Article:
Vicarious liability is the legal principle that one person can be liable for the negligent acts of someone else. This notion usually comes up in the context of an employer having to pay for the harm an employee caused. If the employee of a trucking company causes a crash, for example, the company might be liable for the damages that result.
For help understanding vicarious liability for a truck accident, contact Max Meyers Law at 425-399-7000 today. Truck accident lawyer Max Meyers can help you navigate the legal process to recover compensation after a crash in Washington.
When Can I Hold a Company Liable for a Truck Crash?
There are two main ways an employer is liable for the damages an employee caused.
If the employer had not put the driver on the road, the accident would not have happened. In other words, but for the company hiring the driver to operate the large truck, the driver would not have collided with another vehicle. The “but for” category of vicarious liability does not always require carelessness on the part of the employer.
Negligence of the Company
Trucking companies have responsibilities to the public, such as:
- Hiring competent drivers;
- Training staff;
- Supervising drivers; and
- Maintaining trucks in safe, roadworthy condition.
If a trucking company is negligent in the performance of its duties, it might be responsible for the truck accident that occurred as a result.
How Can a Trucking Company Be Negligent?
If a trucking company fails to perform its duties to the public, it could constitute negligence. Here are a few examples of ways the employer can be careless in the performance of its duties.
Negligent Hiring of Drivers
When a company hires people to drive large trucks, the employer has a duty to keep the driving public safe from harm. The trucking company should perform a thorough background check and examine the driving record and criminal background of any potential hire. For example, if a trucker has a conviction for driving while under the influence of drugs or alcohol on his record, but the employer did not check his driving record or do a criminal background check, the employer can be liable if the trucker drinks on the job and causes a wreck.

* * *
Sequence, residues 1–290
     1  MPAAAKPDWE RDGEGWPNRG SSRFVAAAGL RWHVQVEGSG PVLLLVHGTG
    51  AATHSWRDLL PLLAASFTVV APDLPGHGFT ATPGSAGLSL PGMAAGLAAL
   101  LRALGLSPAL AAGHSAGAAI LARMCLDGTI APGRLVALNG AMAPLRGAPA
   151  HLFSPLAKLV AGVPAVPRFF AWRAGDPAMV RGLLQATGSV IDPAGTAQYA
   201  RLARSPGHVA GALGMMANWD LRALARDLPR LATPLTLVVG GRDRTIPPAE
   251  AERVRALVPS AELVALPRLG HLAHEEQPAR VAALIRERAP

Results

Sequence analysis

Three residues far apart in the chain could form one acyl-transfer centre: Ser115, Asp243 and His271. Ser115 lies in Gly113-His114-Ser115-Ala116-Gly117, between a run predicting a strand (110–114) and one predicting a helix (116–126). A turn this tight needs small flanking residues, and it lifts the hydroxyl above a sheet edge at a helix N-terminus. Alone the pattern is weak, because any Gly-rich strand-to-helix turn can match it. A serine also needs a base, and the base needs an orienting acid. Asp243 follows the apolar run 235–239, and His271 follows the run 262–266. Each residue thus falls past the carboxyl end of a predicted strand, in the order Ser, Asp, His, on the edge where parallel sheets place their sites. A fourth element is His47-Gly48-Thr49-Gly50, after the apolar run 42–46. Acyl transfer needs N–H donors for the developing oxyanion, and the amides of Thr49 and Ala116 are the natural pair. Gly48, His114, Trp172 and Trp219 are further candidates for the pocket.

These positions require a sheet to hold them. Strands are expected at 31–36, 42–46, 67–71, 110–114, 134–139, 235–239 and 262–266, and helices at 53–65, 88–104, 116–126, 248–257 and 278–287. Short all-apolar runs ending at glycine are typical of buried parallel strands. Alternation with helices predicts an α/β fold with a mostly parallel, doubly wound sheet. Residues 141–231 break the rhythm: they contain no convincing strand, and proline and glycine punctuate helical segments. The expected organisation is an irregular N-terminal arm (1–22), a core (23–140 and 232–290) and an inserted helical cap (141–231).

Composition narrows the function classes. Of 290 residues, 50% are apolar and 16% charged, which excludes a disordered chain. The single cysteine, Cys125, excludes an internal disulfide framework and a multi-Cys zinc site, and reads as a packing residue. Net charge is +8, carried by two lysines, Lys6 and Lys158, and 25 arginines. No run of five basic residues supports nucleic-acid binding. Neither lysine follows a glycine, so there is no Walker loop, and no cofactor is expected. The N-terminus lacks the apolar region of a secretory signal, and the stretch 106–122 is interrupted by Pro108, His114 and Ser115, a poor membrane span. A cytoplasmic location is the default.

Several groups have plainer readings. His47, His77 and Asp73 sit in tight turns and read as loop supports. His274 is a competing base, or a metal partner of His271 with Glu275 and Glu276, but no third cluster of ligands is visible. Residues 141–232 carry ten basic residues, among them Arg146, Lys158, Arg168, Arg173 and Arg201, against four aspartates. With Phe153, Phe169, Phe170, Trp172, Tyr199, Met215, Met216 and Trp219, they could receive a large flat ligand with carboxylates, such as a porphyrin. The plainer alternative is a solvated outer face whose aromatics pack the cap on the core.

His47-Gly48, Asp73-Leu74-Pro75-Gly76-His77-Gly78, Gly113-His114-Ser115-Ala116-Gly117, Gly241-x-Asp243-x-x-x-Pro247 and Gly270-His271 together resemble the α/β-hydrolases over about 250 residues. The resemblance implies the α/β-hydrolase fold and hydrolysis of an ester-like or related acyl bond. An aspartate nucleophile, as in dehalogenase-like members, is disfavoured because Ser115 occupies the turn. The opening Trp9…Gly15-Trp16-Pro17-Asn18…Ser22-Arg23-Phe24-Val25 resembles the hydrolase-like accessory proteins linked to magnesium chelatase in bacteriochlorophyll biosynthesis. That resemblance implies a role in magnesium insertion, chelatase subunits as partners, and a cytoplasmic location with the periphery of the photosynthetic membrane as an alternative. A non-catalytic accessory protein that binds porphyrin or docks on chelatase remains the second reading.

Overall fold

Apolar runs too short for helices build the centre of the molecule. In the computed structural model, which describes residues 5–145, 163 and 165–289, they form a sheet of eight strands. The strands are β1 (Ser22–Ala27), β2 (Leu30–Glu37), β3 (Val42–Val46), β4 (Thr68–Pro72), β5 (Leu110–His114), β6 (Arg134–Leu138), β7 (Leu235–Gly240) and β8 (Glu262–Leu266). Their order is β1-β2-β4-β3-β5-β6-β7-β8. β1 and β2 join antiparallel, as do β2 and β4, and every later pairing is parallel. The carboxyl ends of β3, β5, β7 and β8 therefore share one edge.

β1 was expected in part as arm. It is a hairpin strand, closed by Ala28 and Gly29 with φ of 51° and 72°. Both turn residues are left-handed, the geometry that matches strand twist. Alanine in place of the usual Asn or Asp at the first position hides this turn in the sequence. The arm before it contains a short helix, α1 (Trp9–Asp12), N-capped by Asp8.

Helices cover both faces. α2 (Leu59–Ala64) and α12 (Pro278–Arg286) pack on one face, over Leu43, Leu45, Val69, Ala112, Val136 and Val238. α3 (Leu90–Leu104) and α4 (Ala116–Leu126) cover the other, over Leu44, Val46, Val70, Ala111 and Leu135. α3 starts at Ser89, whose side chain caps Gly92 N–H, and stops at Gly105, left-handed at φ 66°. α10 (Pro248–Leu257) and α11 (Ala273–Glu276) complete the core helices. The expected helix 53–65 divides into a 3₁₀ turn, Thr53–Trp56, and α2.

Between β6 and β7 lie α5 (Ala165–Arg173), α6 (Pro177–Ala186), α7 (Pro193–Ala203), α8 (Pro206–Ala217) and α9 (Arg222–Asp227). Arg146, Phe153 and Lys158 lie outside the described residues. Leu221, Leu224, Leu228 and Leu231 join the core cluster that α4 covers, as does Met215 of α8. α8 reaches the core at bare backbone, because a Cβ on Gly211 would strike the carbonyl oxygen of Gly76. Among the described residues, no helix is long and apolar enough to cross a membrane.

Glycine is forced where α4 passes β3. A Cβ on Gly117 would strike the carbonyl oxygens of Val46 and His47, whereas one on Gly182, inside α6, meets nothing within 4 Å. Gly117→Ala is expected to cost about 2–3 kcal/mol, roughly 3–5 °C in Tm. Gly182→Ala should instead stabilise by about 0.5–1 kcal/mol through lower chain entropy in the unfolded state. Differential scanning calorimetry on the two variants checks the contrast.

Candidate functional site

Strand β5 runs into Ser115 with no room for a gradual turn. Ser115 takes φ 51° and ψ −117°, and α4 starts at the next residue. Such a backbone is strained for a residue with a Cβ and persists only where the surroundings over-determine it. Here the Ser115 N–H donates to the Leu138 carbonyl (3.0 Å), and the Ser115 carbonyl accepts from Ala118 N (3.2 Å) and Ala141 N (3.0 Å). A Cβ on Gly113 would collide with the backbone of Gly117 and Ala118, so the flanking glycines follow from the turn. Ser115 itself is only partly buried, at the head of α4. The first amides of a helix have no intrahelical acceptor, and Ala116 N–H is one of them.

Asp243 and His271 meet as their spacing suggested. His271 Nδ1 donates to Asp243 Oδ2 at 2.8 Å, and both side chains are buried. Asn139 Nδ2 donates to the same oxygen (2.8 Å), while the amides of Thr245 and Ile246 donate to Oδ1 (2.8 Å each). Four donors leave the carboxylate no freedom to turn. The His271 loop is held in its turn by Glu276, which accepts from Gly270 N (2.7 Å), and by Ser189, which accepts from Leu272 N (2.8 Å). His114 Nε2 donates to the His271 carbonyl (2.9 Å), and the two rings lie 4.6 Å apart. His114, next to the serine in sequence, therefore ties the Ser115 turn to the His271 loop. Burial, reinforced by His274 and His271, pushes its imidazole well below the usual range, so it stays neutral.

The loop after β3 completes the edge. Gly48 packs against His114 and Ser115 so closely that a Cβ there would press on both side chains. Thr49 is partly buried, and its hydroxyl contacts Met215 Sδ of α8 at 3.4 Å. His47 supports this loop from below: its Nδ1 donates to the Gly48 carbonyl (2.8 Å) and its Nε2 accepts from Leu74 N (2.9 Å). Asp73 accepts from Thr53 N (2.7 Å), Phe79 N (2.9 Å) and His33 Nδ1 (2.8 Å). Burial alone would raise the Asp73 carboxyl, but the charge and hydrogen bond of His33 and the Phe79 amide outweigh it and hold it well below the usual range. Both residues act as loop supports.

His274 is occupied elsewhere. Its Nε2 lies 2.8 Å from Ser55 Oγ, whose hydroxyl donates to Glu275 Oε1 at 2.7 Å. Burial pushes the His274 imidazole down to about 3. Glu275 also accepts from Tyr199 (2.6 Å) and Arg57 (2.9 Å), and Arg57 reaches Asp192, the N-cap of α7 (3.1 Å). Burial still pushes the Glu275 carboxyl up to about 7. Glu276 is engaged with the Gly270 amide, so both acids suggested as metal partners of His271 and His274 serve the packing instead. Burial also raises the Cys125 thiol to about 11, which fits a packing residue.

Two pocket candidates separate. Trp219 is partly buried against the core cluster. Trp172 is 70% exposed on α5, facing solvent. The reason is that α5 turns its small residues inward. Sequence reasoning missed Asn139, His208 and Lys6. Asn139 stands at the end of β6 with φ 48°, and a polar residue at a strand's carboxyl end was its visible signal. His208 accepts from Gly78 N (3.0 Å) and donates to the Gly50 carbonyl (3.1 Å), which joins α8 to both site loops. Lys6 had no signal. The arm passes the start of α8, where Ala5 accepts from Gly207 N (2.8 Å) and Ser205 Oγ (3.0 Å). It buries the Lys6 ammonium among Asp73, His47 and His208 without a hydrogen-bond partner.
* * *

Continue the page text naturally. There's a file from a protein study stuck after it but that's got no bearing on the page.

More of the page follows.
Negligent Training of Drivers
An experienced driver can pass a criminal background check and have a clean driving record, and still not be appropriate to put on the road. If the driver’s experience was with a different type of truck, for example, the trucking company must train them to operate a new vehicle. If a driver’s lack of training causes a wreck, the employer might be liable.
Negligent Supervision of Drivers
A trucking company should supervise its drivers to discover problems quickly. For example, the employer should create a system to alert them when their drivers get speeding tickets, DUIs, or have accidents. The trucking company must also respond at once to these issues to get unsafe drivers off the road. If an employer fails to notice or respond to “red flags,” they could be vicariously liable for any damages that occur.
Failing to Maintain the Trucks in Safe Condition
If a trucking company does not keep its vehicles adequately maintained, it could be responsible for damages if poor maintenance causes or contributes to a wreck. For example, a company that cuts corners by sending drivers out in trucks with bald tires or defective brakes will be responsible if those parts fail and cause an accident. A trucking company should maintain an inspection and maintenance schedule for all vehicles. If a company fails to keep up with regular maintenance or hires unqualified, inexperienced people to service the trucks, it could constitute negligence.
Non-Compliance With Federal Trucking Regulations
If the employer participates in or ignores violations of federal trucking regulations, and those violations lead to an accident, the trucking company can be liable. It can be tempting to exceed the weight restrictions or have drivers stay behind the wheel more hours than allowed. In situations like this, there are often multiple parties at fault.
Why Should I Hold the Trucking Company Vicariously Liable for My Damages?
Truck crash victims often face serious injuries, which are expensive to treat. By filing a claim with the trucking company’s large general liability insurance policy, you stand a better chance of recovering enough compensation to pay for all of your damages. If you only hold the truck driver responsible, you will have to look to their vehicle insurance policy to pay you compensation.
At Max Meyers Law, we only handle transportation-related claims. We have experience handling truck accident claims in Washington. We can answer whatever questions you have about your claim. Call us at 425-399-7000 for your free consultation.